Obsolescence is an unavoidable part of any manufacturing environment. However, it’s concerning that so many companies admit they do not know when vital equipment requires replacing, or when they do, they scramble to find replacements. The latest developments in additive manufacturing could provide an answer to the obsolescence problems.
Additive manufacturing is a transformative approach to industrial production that enables the creation of components using a variety of 3D-printing techniques.
Before delving into issues surrounding obsolescence management, let’s first define what we mean by 3D printing. The process starts with a component material, initially in the form of powder, which is melted with a laser layer-upon-layer to obtain the desired shape. Fundamentally, it’s about adding material instead of removing, as in traditional subtractive manufacturing.
The range of materials that can be used is almost endless — from innovative plastics and metal alloys, to concrete, wax, resins and even human tissue. One of the newest advances in additive manufacturing is the possibility, recently explored by Sandvik Coromant, to print with diamond powder, shaping the hardest material on Earth into any desired geometry.
Because, with additive manufacturing, it is possible to print intricate and hollow shapes with no scrap, only the necessary amount of material is added to the process. This has made it a popular technique in fields that require the production of highly specialist components in a small production run, such as aerospace or the biomedical sector, and has led to exploring how additive manufacturing could help manage the obsolescence of manufacturing components.
Our society is characterized by rapid technological developments in the use of big data, automation and computing. These technologies have had a positive impact on manufacturing, allowing plant managers to maximize productivity, reduce waste and create a safer working environment for their employees.
On the other hand, technology components, both hardware and software, tend to have a short lifespan. As newer versions of the same components are marketed, the original equipment manufacturer (OEM) may stop producing the version purchased by the manufacturer, making it obsolete.
When obsolete components break, it can be hard to find like-for-like replacements. Managing obsolescence is therefore critical since the breakage or malfunction of obsolete components exposes the business to risk of costly downtime, or even to the possibility of having to upgrade an entire system.
Material engineers are currently researching the potential of additive manufacturing to manage some aspects of obsolescence. The core idea is that if a component is no longer available from the OEM, it could be simply 3D-printed.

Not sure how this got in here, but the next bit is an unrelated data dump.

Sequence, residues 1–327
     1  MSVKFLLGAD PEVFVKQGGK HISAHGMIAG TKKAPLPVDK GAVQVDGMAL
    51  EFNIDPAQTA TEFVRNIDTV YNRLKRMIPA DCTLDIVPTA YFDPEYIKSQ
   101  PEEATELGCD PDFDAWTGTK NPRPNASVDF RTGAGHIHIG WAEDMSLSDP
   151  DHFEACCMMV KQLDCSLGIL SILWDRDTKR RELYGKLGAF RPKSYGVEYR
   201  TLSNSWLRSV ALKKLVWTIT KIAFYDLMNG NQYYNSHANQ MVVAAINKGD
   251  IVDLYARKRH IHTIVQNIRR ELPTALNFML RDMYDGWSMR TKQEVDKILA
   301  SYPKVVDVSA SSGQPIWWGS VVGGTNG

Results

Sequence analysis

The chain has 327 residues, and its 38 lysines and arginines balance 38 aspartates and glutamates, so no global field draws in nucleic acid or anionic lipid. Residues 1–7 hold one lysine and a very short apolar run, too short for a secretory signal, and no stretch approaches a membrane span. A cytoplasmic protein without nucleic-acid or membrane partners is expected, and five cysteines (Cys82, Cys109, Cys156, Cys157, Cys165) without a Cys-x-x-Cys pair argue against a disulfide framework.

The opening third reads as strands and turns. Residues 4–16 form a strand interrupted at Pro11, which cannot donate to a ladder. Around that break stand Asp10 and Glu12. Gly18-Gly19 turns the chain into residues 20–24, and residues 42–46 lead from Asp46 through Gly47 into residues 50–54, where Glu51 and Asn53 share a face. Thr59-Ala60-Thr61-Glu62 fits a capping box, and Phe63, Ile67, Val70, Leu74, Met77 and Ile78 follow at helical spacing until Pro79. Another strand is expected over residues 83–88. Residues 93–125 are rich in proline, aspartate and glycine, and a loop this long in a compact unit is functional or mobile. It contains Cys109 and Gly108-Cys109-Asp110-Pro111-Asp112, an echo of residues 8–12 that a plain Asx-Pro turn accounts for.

For example, the US Airforce has launched research into 3D printing replacement parts for old planes using the Figure 4 3D Printing Platform designed by 3D Systems. The US Airforce will examine how Figure 4 3D Printing Platform can reproduce components for aircrafts that are no longer in production.
The US Airforce often requires out-of-production parts due to manufacturing obsolescence, poor documentation and costs-to-create. And, as replacement parts can be built much faster and in smaller batches through additive manufacturing, no minimum order quantity is required. This can reduce the time of aircraft spend on the ground, and the need for warehousing space.
The Question of Electronics
As promising as this sounds for the aerospace industry, there are still questions that need to be answered before additive manufacturing can become a standard way of coping with components obsolescence in other industries. First of all, it is unclear to what extent additive manufacturing could help manage the obsolescence of electronic components. This sector is one of those that most suffers the consequences of the increasingly short lifespan of components, due to the speed at which new products and solutions are launched on the market.
While almost any mechanical component could be fabricated using 3D printers, it’s much harder, though theoretically not impossible, to 3D print something like a circuit board or cables and wires. Even when possible, manufacturers should consider the cost and complexity of 3D printing spare components.
Having onsite additive manufacturing capability may require an initial investment and a dedicated design engineering team. While these investments can make sense in an R&D environment, they might be counterproductive to produce spare parts that are only occasionally needed.
In cases like this, it is much faster and cheaper to rely on an automation parts supplier that specializes in obsolete components. Although obsolescence is an unavoidable part of any manufacturing environment, manufacturers do not need to scramble to find replacements.
3D printed spare parts could be an answer to replacing obsolete parts, but won’t completely replace the need for a strong parts supply network across the United States.
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